Patients and healthy controls
Twenty-one pSS patients and twenty-one age-sex matched healthy controls were enrolled in this study. All the pSS patients were recruited from the Peking Union Medical College Hospital and met the American-European consensus criteria for diagnosis(17). Patients with other autoimmune diseases, active/ severe infection or malignant diseases were excluded from the study. All the pSS patients and matched healthy controls in this study have signed the informed consent. The RNA-seq analysis was carried out on 5 pSS patient samples and 5 corresponding healthy controls while the following validation study consisted of 16 pSS patients and 16 matched healthy controls. All the patients and healthy controls were females. Patient’s disease activity was determined by EULAR Sjögren’s syndrome disease activity index (ESSDAI)(18), and serological examinations, including Immunoglobulin G (IgG), immunoglobulin A (IgA), immunoglobulin M (IgM), anti-SSA and SSB antibody, erythrocyte sedimentation rate (ESR), rheumatoid factor (RF), and ect, were performed for the study subjects. The detailed demographic and clinical features of patients and healthy controls are listed in Table 1.
Peripheral blood (10 mL) was obtained from each subject and all the samples were collected in the ethylene diamine tetraacetic acid (EDTA) tubes. Peripheral blood mononuclear cells (PBMCs) were isolated using the Ficoll density gradient centrifugation and were counted using Cellometer Auto T4 (Nexcelom Bioscience, USA). Total RNA was extracted using TRIzol reagent (Invitrogen, Carlsbad, CA, USA) and the concentration of total RNA was measured by NanoDrop2000c spectrophotometer (NanoDrop Technologies, Wilmington, DE, USA). Then, the total RNA was reverse transcribed into complementary DNA (cDNA) using PrimeScript RT Master Mix (TaKaRa, Dalian, China) and was stored at -80℃ for the validation study.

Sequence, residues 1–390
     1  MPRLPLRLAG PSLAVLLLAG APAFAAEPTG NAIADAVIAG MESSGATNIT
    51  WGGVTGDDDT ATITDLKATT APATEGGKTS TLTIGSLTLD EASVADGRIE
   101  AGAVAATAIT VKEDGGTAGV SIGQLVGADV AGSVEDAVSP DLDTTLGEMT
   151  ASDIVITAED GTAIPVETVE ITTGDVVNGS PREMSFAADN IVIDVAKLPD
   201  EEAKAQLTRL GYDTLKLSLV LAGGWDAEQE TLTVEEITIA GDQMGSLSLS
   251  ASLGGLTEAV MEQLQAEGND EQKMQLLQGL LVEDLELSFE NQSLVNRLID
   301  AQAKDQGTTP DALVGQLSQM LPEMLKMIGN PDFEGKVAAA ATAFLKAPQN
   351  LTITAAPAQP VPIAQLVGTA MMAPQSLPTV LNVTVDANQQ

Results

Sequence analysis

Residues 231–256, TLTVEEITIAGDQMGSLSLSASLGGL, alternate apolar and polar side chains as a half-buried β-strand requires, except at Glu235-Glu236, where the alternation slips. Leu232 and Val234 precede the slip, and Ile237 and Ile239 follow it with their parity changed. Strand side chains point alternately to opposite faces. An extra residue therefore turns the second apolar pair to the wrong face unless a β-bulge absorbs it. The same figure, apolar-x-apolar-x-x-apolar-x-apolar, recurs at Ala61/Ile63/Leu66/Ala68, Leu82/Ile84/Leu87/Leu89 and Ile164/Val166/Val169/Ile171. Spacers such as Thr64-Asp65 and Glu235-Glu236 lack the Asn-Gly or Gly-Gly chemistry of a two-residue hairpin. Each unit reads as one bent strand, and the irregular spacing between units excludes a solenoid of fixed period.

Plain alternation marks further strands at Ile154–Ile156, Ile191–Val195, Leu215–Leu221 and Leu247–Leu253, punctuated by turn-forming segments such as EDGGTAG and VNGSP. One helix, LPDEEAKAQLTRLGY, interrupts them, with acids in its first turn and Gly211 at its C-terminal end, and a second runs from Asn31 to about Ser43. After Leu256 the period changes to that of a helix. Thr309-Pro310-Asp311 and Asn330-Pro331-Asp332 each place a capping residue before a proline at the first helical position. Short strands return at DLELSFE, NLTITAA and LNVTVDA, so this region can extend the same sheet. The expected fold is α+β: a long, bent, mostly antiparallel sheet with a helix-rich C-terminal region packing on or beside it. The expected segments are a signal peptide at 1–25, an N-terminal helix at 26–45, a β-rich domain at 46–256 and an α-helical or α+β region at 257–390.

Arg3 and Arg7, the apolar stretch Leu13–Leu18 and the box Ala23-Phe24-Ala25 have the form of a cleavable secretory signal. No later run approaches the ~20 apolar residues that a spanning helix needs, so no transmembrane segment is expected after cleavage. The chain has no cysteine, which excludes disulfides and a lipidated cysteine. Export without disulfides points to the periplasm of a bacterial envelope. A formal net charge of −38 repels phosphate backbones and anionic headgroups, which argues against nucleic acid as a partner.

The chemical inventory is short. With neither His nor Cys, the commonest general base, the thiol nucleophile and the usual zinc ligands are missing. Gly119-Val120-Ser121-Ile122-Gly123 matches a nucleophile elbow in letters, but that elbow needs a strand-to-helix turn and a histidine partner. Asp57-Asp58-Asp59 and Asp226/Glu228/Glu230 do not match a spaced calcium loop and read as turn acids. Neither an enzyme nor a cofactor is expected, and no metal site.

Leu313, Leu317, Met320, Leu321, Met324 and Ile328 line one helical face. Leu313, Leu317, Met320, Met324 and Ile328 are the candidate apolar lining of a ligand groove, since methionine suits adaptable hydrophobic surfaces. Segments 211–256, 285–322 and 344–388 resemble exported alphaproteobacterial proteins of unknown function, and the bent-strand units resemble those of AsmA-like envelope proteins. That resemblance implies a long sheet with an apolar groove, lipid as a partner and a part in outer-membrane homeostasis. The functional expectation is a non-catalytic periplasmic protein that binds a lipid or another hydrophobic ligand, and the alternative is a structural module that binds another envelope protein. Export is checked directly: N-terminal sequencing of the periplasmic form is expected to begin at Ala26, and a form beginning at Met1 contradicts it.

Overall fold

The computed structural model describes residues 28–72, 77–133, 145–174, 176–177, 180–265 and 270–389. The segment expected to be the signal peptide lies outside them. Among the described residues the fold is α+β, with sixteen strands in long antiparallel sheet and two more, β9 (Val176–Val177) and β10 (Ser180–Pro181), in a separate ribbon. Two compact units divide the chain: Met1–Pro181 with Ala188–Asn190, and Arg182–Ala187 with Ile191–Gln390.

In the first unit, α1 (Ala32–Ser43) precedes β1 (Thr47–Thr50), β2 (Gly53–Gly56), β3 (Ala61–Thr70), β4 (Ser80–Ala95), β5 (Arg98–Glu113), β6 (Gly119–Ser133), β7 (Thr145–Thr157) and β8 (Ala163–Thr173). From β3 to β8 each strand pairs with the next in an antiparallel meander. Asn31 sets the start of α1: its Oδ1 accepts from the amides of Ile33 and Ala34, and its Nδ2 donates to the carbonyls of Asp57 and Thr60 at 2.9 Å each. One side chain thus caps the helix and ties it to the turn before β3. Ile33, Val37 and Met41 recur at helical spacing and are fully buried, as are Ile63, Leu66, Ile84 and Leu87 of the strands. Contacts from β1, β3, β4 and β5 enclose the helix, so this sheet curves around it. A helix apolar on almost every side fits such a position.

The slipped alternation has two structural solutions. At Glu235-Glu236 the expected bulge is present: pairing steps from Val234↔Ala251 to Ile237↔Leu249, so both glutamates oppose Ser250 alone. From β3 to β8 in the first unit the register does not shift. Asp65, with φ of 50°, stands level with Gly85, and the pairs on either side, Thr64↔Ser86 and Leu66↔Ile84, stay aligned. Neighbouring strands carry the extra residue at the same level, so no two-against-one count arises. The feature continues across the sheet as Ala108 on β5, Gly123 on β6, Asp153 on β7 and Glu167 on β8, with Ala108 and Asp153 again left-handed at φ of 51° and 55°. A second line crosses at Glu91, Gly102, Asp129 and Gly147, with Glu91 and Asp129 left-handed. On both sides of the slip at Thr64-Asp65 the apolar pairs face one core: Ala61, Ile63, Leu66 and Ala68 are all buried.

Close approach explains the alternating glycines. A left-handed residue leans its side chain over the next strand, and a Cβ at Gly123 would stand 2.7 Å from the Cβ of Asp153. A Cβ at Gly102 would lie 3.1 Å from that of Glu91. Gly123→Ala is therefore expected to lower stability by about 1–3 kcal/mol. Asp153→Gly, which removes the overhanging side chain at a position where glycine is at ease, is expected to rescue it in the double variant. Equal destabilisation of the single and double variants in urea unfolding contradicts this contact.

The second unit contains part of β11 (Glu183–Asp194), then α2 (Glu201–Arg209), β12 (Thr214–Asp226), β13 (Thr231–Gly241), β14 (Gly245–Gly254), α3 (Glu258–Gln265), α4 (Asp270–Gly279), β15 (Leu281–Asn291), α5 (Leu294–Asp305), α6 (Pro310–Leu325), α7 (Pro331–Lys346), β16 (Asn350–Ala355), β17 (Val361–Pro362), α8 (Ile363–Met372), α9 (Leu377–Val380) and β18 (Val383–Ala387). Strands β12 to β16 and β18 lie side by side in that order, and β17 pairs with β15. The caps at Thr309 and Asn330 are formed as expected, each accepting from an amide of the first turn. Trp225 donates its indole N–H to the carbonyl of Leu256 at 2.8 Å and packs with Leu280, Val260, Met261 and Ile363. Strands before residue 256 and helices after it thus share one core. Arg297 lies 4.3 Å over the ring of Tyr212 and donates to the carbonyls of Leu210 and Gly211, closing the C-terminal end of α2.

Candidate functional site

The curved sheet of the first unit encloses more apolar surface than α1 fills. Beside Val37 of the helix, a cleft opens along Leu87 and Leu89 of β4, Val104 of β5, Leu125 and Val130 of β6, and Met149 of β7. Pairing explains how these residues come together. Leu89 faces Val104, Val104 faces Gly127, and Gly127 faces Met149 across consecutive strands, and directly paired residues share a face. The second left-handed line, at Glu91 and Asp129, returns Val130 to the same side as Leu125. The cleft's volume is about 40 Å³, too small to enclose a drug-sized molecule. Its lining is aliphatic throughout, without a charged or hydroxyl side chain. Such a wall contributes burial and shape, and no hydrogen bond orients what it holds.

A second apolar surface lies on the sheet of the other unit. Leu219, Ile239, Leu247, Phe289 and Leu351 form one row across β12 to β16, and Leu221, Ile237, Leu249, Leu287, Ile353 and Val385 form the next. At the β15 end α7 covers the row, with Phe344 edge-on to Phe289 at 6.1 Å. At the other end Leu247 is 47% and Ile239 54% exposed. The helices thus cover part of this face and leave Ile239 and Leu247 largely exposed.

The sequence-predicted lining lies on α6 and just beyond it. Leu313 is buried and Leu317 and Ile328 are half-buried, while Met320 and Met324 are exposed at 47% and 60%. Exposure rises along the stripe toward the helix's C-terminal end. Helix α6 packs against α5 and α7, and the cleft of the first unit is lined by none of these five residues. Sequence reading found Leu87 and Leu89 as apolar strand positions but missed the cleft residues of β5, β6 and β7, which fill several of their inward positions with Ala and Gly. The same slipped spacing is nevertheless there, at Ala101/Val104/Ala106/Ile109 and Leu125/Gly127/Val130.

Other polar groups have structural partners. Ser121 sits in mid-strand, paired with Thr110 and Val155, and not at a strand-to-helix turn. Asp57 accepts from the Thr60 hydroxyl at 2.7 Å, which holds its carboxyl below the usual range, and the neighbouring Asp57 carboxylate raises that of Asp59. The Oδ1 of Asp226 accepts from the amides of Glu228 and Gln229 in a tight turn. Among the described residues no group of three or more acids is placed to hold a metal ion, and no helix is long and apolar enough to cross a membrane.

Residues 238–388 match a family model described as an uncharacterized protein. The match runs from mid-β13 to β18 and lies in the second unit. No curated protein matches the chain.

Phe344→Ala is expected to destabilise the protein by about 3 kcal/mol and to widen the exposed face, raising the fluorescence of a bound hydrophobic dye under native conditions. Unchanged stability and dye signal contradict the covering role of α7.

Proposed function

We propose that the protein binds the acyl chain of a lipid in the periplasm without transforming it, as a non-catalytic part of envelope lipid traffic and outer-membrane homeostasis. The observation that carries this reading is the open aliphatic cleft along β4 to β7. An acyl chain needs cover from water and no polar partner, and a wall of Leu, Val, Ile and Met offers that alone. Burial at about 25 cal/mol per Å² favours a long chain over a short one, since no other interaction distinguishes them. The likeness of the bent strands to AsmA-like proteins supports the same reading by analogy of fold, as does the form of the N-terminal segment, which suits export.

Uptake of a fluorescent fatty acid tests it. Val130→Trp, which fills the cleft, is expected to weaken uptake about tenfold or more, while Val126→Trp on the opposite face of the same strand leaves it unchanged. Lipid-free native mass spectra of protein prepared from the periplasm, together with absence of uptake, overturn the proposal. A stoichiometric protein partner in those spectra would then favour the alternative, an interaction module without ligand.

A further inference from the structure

Library preparation for LncRNA sequencing
A total amount of 20 ng RNA per sample was used as input material for the RNA sample preparations. Firstly, ribosomal RNA was removed by Epicentre Ribo-zero rRNA Removal Kit (Epicentre, USA), and rRNA free residues was cleaned up by ethanol precipitation. Subsequently, sequencing libraries were generated using the rRNA-depleted RNA by NEBNext Directional RNA Library Prep Kit for Illumina (NEB, USA) following manufacturer’s recommendations. Then, we used the Qubit RNA Assay Kit and Qubit 2.0 Flurometer (Life Technologies, CA, USA) to quantify RNAs. RNA integrity was assessed using the RNA Mano 6000 Assay Kit of the Bioanalyzer 2100 system (Agilent Technologies, CA, USA). The libraries were sequenced on an Illumina Hiseq 2500 platform and 125 bp paired-end reads were generated.
Real-time quantitative polymerase chain reaction (RT-qPCR)